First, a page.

In a preliminary test of this new phosphor dispensing system, a based YAG phosphor dispersion in a silicone polymer was deposited onto pre-weighted flat surfaces. The 10% volume of YAG/Silicone suspension has a viscosity around 2000 cP (viscosity of water is 1 cP), with particle size of the YAG phosphor ranging between 2 microns and 20 microns. This exemplary phosphor/silicone suspension is prepared by coating the phosphor powder with stearic acid to aid in particle wetting, before dispersing in the silicone/anisole fluid medium. The stearic acid dissolves easily in warm toluene. As an example, 25.0 g of YAG:Ce powder is mixed with 25.0 ml of the stearic acid/toluene solution in a 125 ml nalgene bottle. Those skilled in the art will recognize that the process can be extended to other phosphor powders as well. The resultant slurry is then mixed for 30 minutes on a ball mill with 25⅛″ ZrO2 grinding media. After 30 minutes of mixing, the toluene solution is extracted from the powder by vacuum filtering the slurry through #4 Whatman filter paper. The excess stearic acid (that doesn't chemisorb onto the powder surface) passes through the filter paper and is removed from the powder. After the powder is filtered, the powder is dried at 70° C. for 4 hours. The dried powder cake is removed from the filter, crushed, then used for suspension preparation.

Referring now to FIG. 2, an exemplary phosphor suspension prepration is shown in several steps. First, the silicone fluid medium is prepared by adding equal amounts by mass of XE-5844A and XE-5844B fluids which will cross-link and solidify during temperature curing, illustrated as step 32 in FIG. 2. After mixing of the two parts to promote intimate contact, a suitable low viscosity solvent such as anisole, or other organic liquid may be added to adjust the viscosity of the resulting mass, step 34. Suitability of the solvent is primarily determined by its ability to reduce viscosity of the resulting medium, its miscibility with the silicone fluid to avoid phase separation, and its polarity that promotes dispersibility of the powder particles. All three properties are preferably satisfied simultaneously. Anisole, as an example, is highly desirable because it has a low viscosity (less than 1 cP), it is a relatively polar solvent that is totally miscible in XE-5844 silicone fluid and, unlike the more polar alcohols (e.g., methanol, propanol, butanol), does not form a white milky emulsion when mixed with XE5844 silicone fluid. Viscosity plays an important role in the deposition or laydown step where control of the drop size and detachment from the dispenser tip during deposition determines the repeatability of the process. For instance, addition of 10% weight of anisole to XE5844 silicone fluid reduces viscosity by a factor of about 10.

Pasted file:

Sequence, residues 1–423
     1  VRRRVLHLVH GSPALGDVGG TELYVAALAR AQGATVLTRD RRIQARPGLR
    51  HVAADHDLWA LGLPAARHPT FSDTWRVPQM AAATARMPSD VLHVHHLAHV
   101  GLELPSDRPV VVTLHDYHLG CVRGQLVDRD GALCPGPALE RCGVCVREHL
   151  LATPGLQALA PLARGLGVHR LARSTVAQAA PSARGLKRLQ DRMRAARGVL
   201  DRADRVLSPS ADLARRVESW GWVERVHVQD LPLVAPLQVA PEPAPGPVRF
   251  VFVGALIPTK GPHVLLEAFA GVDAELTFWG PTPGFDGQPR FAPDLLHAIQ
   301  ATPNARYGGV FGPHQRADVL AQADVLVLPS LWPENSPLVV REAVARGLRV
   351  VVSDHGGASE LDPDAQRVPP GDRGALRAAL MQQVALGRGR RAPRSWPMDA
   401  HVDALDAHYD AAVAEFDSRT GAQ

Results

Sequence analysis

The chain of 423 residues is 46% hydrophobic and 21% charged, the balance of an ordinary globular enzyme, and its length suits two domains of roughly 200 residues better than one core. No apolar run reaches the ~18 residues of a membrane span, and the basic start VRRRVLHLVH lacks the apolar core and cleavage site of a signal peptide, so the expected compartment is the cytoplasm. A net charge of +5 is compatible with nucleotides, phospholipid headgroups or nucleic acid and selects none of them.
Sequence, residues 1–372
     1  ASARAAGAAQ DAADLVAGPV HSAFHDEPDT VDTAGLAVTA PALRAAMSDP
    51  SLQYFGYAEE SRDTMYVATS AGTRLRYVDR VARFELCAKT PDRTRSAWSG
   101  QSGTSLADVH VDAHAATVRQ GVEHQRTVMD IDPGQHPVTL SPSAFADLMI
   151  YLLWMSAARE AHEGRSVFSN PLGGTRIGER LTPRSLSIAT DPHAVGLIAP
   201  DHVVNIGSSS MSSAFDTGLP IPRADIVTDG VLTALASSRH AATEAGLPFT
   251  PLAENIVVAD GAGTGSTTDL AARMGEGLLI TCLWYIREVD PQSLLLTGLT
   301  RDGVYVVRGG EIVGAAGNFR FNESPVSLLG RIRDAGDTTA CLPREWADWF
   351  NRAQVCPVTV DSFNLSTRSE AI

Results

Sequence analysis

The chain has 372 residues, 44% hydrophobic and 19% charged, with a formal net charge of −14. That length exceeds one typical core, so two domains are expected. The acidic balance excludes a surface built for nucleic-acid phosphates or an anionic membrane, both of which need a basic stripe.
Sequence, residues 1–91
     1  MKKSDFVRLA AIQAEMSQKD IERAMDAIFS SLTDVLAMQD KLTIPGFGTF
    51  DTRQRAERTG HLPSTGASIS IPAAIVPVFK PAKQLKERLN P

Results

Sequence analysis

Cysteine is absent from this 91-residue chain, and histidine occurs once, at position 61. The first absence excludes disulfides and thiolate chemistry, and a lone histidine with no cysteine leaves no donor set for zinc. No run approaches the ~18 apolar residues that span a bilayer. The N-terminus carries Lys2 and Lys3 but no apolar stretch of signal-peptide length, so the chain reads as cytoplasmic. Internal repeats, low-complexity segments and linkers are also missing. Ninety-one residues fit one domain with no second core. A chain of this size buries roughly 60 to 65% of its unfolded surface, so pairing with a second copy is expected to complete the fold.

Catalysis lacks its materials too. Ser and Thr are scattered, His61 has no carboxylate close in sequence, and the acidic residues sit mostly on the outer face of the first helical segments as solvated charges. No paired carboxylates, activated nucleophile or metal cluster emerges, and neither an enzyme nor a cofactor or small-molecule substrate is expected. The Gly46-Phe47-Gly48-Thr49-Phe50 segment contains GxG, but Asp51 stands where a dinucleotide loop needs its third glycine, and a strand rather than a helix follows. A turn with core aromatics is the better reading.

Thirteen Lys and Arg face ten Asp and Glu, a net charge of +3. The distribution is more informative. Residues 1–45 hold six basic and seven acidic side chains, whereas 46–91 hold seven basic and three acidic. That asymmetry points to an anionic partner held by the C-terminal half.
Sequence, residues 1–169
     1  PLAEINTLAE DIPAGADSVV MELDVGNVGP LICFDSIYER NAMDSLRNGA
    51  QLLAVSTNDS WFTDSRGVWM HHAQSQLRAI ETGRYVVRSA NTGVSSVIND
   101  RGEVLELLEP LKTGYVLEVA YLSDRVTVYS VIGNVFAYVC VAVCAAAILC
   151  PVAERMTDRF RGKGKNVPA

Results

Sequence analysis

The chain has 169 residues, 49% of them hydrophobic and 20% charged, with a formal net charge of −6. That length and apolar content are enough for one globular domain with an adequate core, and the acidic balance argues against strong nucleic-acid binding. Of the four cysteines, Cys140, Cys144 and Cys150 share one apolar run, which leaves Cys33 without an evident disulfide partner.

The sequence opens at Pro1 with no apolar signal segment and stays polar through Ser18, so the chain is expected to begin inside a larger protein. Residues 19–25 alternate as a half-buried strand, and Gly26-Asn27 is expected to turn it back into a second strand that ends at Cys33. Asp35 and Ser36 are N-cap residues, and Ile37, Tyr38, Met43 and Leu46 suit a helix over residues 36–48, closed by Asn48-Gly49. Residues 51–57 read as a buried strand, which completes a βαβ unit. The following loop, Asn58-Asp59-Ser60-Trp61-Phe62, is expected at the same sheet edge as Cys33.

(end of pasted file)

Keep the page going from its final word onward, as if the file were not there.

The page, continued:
Once the viscosity of the silicone fluid is adjusted to a desirable level, the stearic acid-coated phosphor is mixed with the silicone fluid by hand or other conventional means, step 36. To remove air bubbles entrained in the suspension during mixing, the suspension is subjected to vacuum degassing step 38 . A typical laboratory vacuum pressure of −20 inches of mercury gauge for 30 to 60 minutes is usually sufficient. At that point, the phosphor suspension is ready to be deposited onto the LED die.

Setting the electronic micro-pipette 12 to 500 nL, a mean deposition volume of 445+/−68 nL was obtained (i.e., relative standard deviation is +−15%). The mean was close to the target (445 vs. 500 nL), but the distribution is not as tight as desired, due to the small dispensing volume and high viscosity of the solid particle suspension. The distribution was improved by reconfiguring the dispenser tip and dispensing mode of the dispenser as more fully discussed below. With this system, a 500 nano-liter silicone suspensions of 10% volume (YxGd1-x)3Al5 0 12:Ce3+ (YGAG) was dispensed onto GaN blue LED mounted on gold header. The separation of dispenser tip and the LED top surface was controlled to be around 1 mm before the delivery of phosphor onto the die.

With reference now to FIG. 3, an exemplary aspiration/deposition technique for the phosphor silicone suspension is shown. A single channel motorized microliter pipette 12 (FIG. 1), as is commercially available from Rainin Instrument Co., was selected. To make the dispenser suitable for accurate sub-microliter deposition of viscous solid suspensions, a special deposition mode was set on the dispenser, and the following aspiration/dispensing processes were developed to enhance the quality of deposition. A one-time plastic tip is disposed on the dispenser tip 22 using silicone vacuum grease, as provided in step 40. 5 microliters of air is then aspirated, step 42.

The pipette tip 22 is then dipped into the bulk of the phosphor/silicone suspension, step 46. 500 nanoliter (0.5 microliters) of the silicone suspension is then aspirated, and the tip is held in the suspension for about 10 seconds after the conclusion of aspiration, step 48. To ensure the accuracy of deposition, a slow aspiration mode is selected. On the Rainin Instrument Co. device, for example, it takes about 2.2 seconds to aspirate/dispense 5 micro liters of volume from the dispenser (the slowest mode), due to the high viscosity of the suspension. With anisole diluted phosphor suspension, the motor speed is increased correspondingly to improve the accuracy.